“Seconds after we declared our independence in 1948, we were attacked by six Arab armies that wanted to knock us back into the sea,” he said. “We had 600,000 people armed with handguns and we won.”

Oren proudly pointed out that Israelis are highly educated, rated second in the world in per capita education.

“After Canada, we are the most highly educated country in the world,” he said.

“Israel is the only country with more Nobel prizes per capita than Olympic medals,” he added.

The Jewish state, according to Oren, is now a “techno powerhouse.” He said every major American technical company has two research and development centers in Israel.

“All of your computers, all of your cell phones are working with components and parts and concepts developed in the State of Israel,” he said.

Oren has been called one of the five most influential Jewish leaders in America and one of the 10 most influential Jewish leaders worldwide. He has been instrumental in securing U.S. support for Israel’s defense and upholding Israel’s right to security and peace. He briefs Israeli Prime Minister Benjamin Netanyahu and other Israeli leaders on issues vital to the U.S.-Israel alliance.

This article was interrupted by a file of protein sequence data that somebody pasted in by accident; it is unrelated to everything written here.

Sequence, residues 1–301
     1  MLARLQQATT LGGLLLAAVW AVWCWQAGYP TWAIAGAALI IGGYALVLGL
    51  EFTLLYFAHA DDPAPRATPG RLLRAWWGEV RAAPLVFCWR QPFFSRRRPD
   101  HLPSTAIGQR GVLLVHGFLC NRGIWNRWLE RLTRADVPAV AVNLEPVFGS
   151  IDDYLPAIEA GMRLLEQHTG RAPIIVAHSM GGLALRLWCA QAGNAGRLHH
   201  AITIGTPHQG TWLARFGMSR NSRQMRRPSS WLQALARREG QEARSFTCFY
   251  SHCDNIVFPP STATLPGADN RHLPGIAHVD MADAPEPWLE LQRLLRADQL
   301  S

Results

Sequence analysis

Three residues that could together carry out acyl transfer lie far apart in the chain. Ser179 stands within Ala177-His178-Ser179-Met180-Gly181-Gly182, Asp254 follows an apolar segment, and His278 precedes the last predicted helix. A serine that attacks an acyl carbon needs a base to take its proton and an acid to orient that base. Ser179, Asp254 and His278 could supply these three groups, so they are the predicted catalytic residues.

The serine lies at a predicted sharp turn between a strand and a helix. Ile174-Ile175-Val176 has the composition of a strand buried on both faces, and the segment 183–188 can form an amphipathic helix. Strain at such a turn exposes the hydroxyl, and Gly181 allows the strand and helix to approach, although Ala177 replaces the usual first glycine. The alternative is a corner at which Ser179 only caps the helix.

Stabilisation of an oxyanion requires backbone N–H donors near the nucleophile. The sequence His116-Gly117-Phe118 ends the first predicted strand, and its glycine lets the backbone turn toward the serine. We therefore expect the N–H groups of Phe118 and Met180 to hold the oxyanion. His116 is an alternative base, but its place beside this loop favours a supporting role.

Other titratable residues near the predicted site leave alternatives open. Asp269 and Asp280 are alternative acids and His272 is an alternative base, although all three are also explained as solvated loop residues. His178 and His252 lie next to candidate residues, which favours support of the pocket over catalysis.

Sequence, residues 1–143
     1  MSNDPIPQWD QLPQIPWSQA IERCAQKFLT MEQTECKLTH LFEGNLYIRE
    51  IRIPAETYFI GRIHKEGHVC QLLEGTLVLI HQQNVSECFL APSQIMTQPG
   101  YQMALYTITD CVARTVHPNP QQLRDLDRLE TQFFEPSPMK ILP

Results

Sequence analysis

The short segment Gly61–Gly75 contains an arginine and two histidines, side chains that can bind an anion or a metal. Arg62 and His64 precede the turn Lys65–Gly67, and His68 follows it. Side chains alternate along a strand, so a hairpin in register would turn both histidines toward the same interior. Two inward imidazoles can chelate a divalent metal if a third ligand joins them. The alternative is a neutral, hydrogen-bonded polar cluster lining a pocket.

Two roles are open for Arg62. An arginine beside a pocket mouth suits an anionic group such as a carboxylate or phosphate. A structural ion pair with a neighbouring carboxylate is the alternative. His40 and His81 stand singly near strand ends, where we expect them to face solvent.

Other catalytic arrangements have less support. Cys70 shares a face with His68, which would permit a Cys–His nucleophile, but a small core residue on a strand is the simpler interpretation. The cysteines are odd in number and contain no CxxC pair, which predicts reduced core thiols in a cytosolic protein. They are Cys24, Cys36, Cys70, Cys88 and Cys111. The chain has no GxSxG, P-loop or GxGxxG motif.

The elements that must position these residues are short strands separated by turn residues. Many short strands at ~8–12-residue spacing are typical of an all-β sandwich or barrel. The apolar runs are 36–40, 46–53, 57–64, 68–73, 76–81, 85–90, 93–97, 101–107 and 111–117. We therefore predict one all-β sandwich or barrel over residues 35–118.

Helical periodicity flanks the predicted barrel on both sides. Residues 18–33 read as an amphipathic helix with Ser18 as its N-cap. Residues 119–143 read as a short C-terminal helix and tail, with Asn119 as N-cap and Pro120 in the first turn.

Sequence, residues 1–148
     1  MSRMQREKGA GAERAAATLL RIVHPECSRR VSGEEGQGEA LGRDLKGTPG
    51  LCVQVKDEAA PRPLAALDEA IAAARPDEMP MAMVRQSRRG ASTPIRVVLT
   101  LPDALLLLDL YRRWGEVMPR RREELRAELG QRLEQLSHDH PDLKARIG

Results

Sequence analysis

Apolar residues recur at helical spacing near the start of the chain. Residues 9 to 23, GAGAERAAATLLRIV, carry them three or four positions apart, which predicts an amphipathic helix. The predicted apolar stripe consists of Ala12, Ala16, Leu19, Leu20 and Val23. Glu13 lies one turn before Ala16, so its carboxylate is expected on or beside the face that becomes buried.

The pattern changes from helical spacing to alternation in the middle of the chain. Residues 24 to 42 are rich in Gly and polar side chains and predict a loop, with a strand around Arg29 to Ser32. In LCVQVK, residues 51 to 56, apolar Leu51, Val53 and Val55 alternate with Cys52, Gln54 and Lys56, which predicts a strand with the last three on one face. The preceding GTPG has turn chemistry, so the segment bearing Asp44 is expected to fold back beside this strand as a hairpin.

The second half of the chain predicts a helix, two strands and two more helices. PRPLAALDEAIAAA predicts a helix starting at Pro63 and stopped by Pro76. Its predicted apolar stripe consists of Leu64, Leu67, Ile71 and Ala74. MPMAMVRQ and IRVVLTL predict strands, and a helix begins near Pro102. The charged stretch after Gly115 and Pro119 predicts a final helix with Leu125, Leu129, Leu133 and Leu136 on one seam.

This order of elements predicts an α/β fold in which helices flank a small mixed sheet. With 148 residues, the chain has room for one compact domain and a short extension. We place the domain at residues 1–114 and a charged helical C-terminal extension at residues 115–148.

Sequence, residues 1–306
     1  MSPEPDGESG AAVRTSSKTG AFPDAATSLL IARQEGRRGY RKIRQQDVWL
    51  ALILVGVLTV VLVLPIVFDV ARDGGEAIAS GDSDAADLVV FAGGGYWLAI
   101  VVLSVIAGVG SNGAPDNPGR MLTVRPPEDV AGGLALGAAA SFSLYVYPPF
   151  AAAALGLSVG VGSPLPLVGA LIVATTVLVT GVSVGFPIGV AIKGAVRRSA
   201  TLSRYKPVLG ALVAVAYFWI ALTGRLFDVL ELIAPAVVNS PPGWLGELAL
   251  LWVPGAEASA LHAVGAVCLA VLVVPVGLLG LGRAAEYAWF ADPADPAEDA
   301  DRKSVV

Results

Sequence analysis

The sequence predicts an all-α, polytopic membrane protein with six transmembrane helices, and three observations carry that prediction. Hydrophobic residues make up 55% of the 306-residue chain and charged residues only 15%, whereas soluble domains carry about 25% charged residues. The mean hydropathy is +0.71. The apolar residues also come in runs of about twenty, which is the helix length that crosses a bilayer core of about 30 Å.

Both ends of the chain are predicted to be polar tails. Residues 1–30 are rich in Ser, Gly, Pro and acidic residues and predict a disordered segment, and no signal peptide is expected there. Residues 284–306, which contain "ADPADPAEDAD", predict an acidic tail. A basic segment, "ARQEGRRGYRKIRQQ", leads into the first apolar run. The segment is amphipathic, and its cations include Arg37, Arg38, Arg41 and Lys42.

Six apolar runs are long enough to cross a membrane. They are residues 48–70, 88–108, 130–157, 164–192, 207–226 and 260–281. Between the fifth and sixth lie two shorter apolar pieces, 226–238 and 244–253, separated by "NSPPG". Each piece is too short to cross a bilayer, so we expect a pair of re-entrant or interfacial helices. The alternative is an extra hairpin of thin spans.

He touched on the unrest in the entire Middle East, the challenges of chemical weapons in the hands of the Syrian army as well as the serious issues the Iranian nuclear program poses for Israel’s security. Oren also mentioned the problems Hezbollah continues to cause.

“Rarely in Israel’s history have we faced so many insurmountable dangers at the same time,” he said.

He noted the negotiations with the Palestinians are yet another challenge the Jewish state faces, as Israel has tried for four years to get the Palestinians to sit down and talk.

“The government of Prime Minister Netanyahu is committed to achieving a comprehensive peace with the Palestinians … but we have to succeed in getting the Palestinians to negotiate with us.”

Oren said the Palestinians want to get the territory without getting the peace.